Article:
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Perfect Prime Provision? (Posted on 2013-10-27) Difficulty: 3 of 5
Each of 2N + 1 and 3N + 1 is a perfect square for a positive integer N.

Can 5N + 3 be a prime number?
If not, prove it.
If so, provide an example.

No Solution Yet Submitted by K Sengupta    
Rating: 4.5000 (2 votes)

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Solution Full solution (spoiler) | Comment 1 of 2

Algebraic sleight of hand only:

I (2n+1)=a^2, (3n+1)=b^2, so

(i) both n=(b^2-a^2) and n=a^2+1/2(a^2-1)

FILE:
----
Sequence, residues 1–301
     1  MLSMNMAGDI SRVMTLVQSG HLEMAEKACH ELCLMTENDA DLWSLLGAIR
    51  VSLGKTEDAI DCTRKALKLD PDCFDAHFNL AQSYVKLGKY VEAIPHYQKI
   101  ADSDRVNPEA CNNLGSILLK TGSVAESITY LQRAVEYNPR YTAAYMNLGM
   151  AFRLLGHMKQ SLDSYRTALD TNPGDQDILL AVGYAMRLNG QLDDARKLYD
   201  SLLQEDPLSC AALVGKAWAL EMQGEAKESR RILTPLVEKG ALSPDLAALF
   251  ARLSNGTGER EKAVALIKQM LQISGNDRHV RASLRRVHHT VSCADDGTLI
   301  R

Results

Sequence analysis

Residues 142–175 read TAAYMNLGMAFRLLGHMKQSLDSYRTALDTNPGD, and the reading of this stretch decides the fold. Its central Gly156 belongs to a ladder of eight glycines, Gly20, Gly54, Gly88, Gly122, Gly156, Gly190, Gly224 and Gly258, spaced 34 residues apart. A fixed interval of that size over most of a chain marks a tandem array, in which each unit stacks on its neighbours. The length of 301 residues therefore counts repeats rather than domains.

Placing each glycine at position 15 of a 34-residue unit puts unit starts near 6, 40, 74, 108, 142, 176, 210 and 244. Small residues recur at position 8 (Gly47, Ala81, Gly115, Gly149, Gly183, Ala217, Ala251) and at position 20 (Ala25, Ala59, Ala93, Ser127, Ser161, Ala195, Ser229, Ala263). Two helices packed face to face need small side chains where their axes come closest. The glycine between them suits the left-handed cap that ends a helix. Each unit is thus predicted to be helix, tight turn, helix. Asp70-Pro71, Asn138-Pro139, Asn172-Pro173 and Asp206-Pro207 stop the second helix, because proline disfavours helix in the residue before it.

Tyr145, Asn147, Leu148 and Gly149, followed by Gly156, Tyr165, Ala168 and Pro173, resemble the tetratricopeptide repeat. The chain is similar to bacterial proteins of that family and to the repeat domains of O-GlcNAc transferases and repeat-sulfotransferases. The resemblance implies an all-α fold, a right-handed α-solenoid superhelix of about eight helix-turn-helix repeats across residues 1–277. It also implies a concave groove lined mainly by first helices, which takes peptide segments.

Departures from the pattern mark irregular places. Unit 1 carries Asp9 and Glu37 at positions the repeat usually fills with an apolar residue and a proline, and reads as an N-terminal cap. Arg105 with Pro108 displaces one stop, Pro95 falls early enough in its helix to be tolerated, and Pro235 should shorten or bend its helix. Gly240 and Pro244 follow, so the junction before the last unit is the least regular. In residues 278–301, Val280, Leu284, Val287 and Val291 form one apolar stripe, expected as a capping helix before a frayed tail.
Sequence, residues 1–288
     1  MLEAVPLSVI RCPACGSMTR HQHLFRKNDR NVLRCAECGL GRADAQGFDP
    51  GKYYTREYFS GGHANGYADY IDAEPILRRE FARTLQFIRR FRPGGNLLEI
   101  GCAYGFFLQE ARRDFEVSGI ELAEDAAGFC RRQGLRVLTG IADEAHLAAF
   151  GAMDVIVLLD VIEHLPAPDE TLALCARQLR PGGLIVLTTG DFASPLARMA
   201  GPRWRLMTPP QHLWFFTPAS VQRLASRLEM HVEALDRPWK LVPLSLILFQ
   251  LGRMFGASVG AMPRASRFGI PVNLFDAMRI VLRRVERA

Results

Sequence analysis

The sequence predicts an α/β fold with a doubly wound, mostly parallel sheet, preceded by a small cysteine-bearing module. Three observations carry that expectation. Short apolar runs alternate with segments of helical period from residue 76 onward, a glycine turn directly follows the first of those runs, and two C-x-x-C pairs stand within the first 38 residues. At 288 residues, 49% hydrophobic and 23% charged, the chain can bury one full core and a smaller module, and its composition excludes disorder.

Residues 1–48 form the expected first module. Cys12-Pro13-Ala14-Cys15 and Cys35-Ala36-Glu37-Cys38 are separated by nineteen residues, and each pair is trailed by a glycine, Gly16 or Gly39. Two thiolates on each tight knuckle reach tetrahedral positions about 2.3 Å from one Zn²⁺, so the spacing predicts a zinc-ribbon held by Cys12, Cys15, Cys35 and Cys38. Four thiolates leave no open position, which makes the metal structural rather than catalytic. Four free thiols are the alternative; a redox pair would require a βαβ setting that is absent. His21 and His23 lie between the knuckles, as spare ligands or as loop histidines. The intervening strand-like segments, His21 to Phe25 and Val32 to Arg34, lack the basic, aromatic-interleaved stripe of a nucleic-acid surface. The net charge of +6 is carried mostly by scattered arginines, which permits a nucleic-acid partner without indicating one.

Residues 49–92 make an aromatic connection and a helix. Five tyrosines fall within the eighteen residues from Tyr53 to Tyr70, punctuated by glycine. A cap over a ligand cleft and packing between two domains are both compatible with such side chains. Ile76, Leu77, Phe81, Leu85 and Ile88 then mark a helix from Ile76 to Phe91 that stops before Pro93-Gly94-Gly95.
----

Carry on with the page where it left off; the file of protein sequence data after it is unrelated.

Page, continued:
(ii) b^2=a^2+1/2 (a^2-1)
(iii) 3a^2-2b^2 = 1 (doubling, collecting terms) (a)

II a^2+b^2 = 3b^2-2a^2+1  add 3b^2-2a^2 to both sides 
III 2a^2+2b^2 = 6b^2-4a^2+2  doubling 
IV a^2+b^2 = 5b^2-5a^2+2  add -b^2-a^2 to both sides 
So a^2+b^2 = 5n+2  substitution 
When a^2+b^2+1 = 5n+3  (b) 
V 3a^2-2b^2 = 1  from (a)
VI 4a^2-b^2=a^2+b^2+1  add a^2 +  b^2 to both sides 
VII 4a^2-b^2 = 5n+3  substitution, see (b) 
VIII 4a^2-b^2 =(2a+b)(2a-b)   
Since VIII factorises, 5n+3 must be compound, for n>0 .


Edited on October 27, 2013, 10:21 am
  Posted by broll on 2013-10-27 09:57:07

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